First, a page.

# Suppose the market for nurses can be modeled using supply and demand (the market is perfectly competitive). There are a large number of hospitals, doctors’

Suppose the market for nurses can be modeled using supply and demand (the

market is perfectly competitive). There are a large number of hospitals, doctors’

offices, clinics, etc., so that no individual employer has an impact on the market

wage. The nurses are not unionized so they individually have no impact on the

wage.

Demand is given as Qd = 420 – 8W, where Qd is the quantity demanded (in full-time

equivalents) and W is the hourly wage rate.

Supply is given as Qs = -1,000 + 40W, where Qs is the quantity supplied.

1. Find the equilibrium wage rate. This is done by setting the quantity demanded

equal to the quantity supplied and algebraically solving for W. That is, solve the

following equation for W:

420 – 8W = -1,000 + 40W

2. Find the equilibrium quantity. Plug your answer from (1) into either the supply or

demand function to get Q. Or, better yet, plug it into both to make sure you get the

same answer. If you don’t, you have the wrong answer for 1.

If, at this point, you have a negative wage or negative quantity, you’ve made an error

and should start over.

Another way to solve the above problems would be to derive the ‘inverse demand

curve’ and the ‘inverse supply curve.’ The inverse supply curve gives the wage as a

function of the quantity supplied. Given the supply function above, the inverse

supply function is:

W = 25 + 0.025Qs

Be sure you can duplicate the above answer before moving on to 3.

3 and 4. Derive the inverse demand function. It should take the form W = a + bQd,

where a and b are derived from the demand function’s parameters. You will report a

as the answer to (3) and b as the answer to (4). b should be reported to 6 decimal

places.

If you set the inverse demand function equal to the inverse supply function you can

solve for the equilibrium quantity (while you have Qd and Qs in the equations, you

can make use of the fact that, in equilibrium, Qd = Qs, so that you are simply solving

for Q).

5. What is the wage rate using the above approach?

Part 2: Monopsony

A market for labor can fail to be perfectly competitive if there is a single large

employer, as might be the case when all medical services are provided by a single

provider. Suppose that is the case with the nurses. The following use the equations

used in the prior set of questions, though they may take on different meanings.

Solving for the equilibrium wage and quantity is a multi-step procedure. First, you

will need the marginal resource cost (MRC) curve. This curve gives the marginal cost

of hiring an additional nurse (in cost per hour). Since attracting an additional nurse

requires raising the wage rate for all nurses, this cost is above the wage rate

required for that additional nurse. If the inverse supply curve is given as

W = a + bQs,

the marginal resource cost is:

MRC = a + 2bQs

Essentially, it has the same y-axis intercept as the inverse supply curve, but twice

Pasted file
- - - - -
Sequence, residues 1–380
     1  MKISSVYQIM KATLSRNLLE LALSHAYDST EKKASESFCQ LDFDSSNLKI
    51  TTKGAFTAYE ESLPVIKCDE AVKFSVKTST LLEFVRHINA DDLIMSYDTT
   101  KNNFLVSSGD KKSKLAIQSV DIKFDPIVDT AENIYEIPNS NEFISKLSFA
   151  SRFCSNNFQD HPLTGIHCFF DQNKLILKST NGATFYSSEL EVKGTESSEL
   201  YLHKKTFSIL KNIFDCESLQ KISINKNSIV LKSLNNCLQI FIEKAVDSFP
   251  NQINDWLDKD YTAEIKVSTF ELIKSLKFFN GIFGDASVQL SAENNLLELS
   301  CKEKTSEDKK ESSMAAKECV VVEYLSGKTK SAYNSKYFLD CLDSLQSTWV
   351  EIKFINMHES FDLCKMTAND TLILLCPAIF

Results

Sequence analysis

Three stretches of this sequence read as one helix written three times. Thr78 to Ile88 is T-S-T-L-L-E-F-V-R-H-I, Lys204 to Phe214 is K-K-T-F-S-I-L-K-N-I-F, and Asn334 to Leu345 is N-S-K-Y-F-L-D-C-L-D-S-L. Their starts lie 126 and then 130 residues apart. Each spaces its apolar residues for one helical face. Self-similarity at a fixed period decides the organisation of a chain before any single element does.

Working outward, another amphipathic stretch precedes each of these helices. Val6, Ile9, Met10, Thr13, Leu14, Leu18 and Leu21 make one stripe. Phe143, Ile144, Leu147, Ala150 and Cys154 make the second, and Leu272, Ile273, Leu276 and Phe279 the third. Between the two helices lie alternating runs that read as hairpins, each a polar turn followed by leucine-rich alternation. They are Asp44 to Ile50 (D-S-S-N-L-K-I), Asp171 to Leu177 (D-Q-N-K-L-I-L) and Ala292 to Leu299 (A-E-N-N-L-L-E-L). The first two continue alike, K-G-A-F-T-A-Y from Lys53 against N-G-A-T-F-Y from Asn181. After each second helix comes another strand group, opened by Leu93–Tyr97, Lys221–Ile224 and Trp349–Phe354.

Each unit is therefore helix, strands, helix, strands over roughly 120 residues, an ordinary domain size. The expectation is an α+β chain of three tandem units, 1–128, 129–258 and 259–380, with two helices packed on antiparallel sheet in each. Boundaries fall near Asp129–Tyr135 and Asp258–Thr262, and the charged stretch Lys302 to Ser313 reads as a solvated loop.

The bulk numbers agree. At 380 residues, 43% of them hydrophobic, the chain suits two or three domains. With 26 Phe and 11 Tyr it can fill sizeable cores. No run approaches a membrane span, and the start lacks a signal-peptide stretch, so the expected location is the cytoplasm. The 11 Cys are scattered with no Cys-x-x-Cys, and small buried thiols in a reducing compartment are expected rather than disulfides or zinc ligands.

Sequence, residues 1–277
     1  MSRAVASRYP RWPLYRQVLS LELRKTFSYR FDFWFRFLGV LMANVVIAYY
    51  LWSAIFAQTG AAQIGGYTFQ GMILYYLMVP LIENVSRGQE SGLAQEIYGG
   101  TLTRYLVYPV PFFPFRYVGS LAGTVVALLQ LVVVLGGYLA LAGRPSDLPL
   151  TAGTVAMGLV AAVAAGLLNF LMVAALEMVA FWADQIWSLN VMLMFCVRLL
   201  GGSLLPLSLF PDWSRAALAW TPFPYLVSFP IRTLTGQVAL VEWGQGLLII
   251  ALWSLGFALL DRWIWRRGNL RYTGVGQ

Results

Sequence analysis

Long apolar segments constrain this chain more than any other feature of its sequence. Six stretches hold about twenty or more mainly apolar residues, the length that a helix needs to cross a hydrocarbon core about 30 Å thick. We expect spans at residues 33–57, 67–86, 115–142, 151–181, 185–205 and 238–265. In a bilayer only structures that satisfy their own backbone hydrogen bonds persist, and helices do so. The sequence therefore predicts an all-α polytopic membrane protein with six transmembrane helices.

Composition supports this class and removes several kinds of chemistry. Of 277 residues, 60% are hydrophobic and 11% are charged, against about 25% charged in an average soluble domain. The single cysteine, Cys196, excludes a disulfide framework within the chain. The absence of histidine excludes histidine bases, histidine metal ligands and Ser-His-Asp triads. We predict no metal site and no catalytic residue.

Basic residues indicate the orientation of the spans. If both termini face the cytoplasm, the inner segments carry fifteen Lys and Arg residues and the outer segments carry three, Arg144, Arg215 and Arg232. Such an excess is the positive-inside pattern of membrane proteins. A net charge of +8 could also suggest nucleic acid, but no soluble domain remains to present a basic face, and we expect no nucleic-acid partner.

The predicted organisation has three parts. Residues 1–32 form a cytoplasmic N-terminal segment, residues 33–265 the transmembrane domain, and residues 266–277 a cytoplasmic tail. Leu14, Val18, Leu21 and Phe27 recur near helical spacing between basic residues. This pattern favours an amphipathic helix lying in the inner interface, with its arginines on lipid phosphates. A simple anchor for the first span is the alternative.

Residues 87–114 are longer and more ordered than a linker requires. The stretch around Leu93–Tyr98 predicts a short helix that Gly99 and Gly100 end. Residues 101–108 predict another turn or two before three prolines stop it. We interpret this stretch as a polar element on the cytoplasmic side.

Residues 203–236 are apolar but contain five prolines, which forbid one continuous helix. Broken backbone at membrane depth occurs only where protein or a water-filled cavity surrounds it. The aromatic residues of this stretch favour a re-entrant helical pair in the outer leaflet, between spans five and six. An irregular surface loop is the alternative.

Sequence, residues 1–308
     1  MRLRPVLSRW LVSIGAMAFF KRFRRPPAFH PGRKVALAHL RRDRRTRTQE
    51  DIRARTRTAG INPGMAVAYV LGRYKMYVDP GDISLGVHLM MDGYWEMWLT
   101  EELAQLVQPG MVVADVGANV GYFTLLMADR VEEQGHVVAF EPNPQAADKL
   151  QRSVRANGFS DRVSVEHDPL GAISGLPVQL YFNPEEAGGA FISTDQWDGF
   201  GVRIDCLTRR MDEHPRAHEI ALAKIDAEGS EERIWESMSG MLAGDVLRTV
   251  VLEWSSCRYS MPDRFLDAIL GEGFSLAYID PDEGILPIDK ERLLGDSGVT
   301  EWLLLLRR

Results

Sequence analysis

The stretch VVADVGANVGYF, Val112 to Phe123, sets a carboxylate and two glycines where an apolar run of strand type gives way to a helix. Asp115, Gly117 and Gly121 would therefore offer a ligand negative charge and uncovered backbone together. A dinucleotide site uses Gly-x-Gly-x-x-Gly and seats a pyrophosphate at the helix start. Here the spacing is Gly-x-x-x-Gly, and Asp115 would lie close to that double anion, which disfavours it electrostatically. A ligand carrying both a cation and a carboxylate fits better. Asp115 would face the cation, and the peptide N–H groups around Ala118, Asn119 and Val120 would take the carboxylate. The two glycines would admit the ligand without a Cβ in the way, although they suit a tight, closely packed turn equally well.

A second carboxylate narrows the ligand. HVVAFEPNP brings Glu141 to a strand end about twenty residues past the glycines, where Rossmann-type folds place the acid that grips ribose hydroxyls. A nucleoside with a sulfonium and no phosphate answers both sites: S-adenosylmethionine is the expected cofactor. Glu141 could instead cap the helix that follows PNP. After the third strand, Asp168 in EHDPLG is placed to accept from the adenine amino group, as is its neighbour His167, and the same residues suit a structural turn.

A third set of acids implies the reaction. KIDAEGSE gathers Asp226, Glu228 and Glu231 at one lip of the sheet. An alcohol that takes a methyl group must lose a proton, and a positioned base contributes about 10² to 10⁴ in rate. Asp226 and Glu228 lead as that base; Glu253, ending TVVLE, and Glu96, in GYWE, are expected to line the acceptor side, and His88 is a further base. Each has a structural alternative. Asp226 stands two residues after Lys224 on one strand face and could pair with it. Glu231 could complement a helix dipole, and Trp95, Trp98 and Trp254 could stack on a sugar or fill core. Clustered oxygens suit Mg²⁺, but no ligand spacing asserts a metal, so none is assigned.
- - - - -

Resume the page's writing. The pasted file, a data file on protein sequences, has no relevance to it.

the slope.

With a single buyer there isn’t a demand curve, but what we would think of the

demand curve is the marginal value curve. In this case, it gives the marginal value

product (in dollars per hour) of nurses. Hence, you can replace W in the inverse

demand function with MVP.

To find the quantity of nurses hired, set MRC = MVP and solve for Q.

6. With a monopsony, how many nurses are hired?

7. What is the wage rate? (hint: use the inverse supply curve – not the MRC or

demand curve – for this purpose)

8. If the hospital could hire as many nurses as it wanted with the wage rate you

found in (7), how many nurses would be hired? (hint: use the demand curve to

answer this – plug in the wage from (7)).

9. What is the ‘shortage’ of nurses? (This is the difference between your answer to

(8) and your answer to (6)).

Part 3: Monopsony with 3rd party supplier

With the nursing shortage found above, the hospital is interested in finding a

solution whereby it can get more nurses, but not raise the wage to its existing

nurses. A nursing ‘temp’ agency has moved into the region and can supply as many

nurses as are needed, at a wage of $30.73/hour.

10. How many nurses does the hospital hire via the temp agency?

Part 4: Monopoly

Your hospital is the only hospital for hundreds of mile with a particular therapy. The

inverse demand function for this therapy is given as:

P = $12,500 – 5Qd, where Qd is the annual quantity demanded.

While your fixed costs are high (due to the cost of specialized machines), your

marginal costs for a full treatment are ‘just’ $600 per treatment.

11. If you set a single price to maximize profits, what quantity will you supply each

year?

(Guidance: The marginal revenue (MR) function has the same y-axis intercept as the

inverse demand function, but twice the slope. Set MR equal to MC and solve for Q.)

12. What is the price for treatment? (Hint, plug your quantity from 11 into the

inverse demand function.)

13. If the treatment is priced at the marginal cost to your company, how many

treatments will be provided per year?

14. What is the deadweight loss due to monopoly power in this market? (This is

covered in one of the lessons.)

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